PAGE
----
The first steep is so crisp and green, crisp in taste and texture! It starts with notes of lettuce, water chestnuts, and bean sprouts. I have had other greens with notes of sprouts and water chestnut, but this one is the most distinct, I feel like I just bit into lightly sauteed both, still crisp and a touch raw, but with that slight cooked taste. Towards the finish notes of green bean and cooked peas, finishing a bit more savory than the start with a lingering aftertaste of alfalfa sprouts.
Oh my that is so smooth! Where the first steep was crisp, this steep is buttery and smooth. Blending notes of cooked spinach and cooked bean spouts with green bean and chestnut, I feel as though I am drinking the liquid form of a wonderful stir fry with a side of roasted chestnuts for dessert. The finish is a blend of cooked collards and cooked peas with a hint of starchy lima beans, the aftertaste is a delicate rain water on peony blossom that does not last too terribly long and has an almost effervescent quality.
This next steep is like a blend of the other two but with added fun, the crisp flavor notes of the first and the smooth mouthfeel of the second. It starts with sweet and crisp snap peas, water chestnut, and squash blossoms. Then it moves to cooked peas, bean sprouts, sweet chestnuts, and a gentle orchid note that blooms into the aftertaste. One of the best things about this tea is its longevity, usually a lot of greens kinda piddle out at steep three, but not this one, I sat and refilled it a good six times before I was too full of tea. Gongfu is hard when you are solo-ing a large amount!! I am so glad I gave this style tea another try, totally worth it.
For blog and photos: http://ramblingbutterflythoughts.blogspot.com/2016/10/meimei-fine-teas-tai-ping-hou-kui-green.html
Glad your family is safe! I have friends in Charleston, too, but oddly the city in live in has been hit hardest. We had flooding from heavy rain last week and got over 14 inches today. Roads are out, trees are down, power outages all over – though not ours, thank heavens! Our water is barely trickling though as the pump stations are flooded and there may be water main breaks. We are under a boil advisory until further and the city has a 7 pm to 7 am curfew. I am in Fayetteville, NC.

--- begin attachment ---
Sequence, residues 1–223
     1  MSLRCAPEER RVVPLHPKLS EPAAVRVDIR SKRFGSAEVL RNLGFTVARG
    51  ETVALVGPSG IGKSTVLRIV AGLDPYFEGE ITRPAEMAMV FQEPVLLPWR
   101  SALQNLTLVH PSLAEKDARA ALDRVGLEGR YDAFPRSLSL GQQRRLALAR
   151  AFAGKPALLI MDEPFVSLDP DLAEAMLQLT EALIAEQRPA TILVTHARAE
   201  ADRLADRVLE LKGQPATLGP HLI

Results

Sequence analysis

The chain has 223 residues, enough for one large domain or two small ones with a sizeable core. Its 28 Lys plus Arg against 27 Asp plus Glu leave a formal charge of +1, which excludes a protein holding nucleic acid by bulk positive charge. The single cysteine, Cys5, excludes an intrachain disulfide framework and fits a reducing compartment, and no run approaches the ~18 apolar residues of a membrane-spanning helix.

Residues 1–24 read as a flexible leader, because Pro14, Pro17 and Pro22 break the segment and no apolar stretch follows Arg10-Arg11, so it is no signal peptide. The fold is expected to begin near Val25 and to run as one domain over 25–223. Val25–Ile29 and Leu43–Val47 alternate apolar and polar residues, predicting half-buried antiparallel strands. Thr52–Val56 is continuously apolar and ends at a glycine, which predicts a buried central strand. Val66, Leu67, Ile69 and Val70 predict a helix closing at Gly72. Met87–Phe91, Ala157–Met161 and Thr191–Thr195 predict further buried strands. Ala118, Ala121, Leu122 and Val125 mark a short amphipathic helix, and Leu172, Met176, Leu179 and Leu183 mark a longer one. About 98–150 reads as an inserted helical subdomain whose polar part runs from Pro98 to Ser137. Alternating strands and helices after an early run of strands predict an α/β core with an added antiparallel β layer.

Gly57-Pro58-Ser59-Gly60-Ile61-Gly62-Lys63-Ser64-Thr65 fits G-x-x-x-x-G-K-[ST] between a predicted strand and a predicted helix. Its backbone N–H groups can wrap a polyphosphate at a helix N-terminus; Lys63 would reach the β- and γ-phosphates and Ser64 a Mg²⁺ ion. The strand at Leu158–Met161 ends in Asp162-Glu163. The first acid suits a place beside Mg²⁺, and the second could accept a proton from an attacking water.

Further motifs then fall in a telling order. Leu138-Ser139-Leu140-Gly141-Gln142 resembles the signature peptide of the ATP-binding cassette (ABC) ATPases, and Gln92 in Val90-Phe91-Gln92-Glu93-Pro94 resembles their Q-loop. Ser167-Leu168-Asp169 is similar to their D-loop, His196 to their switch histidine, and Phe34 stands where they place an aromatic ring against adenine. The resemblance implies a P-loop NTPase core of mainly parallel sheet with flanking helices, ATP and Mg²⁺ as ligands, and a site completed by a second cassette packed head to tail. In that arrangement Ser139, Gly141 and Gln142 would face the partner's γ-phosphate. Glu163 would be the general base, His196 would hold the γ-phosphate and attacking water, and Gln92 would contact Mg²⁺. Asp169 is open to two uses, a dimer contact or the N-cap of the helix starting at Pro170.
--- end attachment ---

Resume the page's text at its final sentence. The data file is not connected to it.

Last night while playing Ark: Scorched Earth, I finally ran into a Death Worm, and then several other Death Worms, and then an Alpha Death Worm. I find this very amusing since it has taken me forever to find one, let alone several! The trick was using a Wyvern (specifically my really OP Fire Wyvern named Nicol Bolas) and flying at full speed, you see them pop onto screen for just a second while things render in, then I lander and teased one out of the sand and proceeded to eat its face. My first encounter went a bit differently though, I was on my Lightning Wyvern (whose name is Kolagan, yes I have themed all the names around Tarkir) and was out hunting new high level eggs in the World Scar when I landed and out popped a worm! It was very exciting!
Today I am looking at one of my favorite types of Chinese green teas, Artisan Liu An Gua Pian (Sunflower Seeds) Green Tea from MeiMei Fine Teas. It is a fascinating type of tea, hailing from Anhui, instead of the usual buds that are used for green, this tea uses the second leaf and it is plucked so that all of the leaf stem (or petiole for the botany types) is left behind. It is then fried on a wok and rolled giving it the iconic seed shape. The aroma is lovely, you can smell the roasting of the green for sure, giving it a toasted sesame and sunflower seed aroma along with crisp notes of zucchini, peas, asparagus and a very distant savory kelp note. It is very fresh and green, with the toasted notes giving it a sweetness.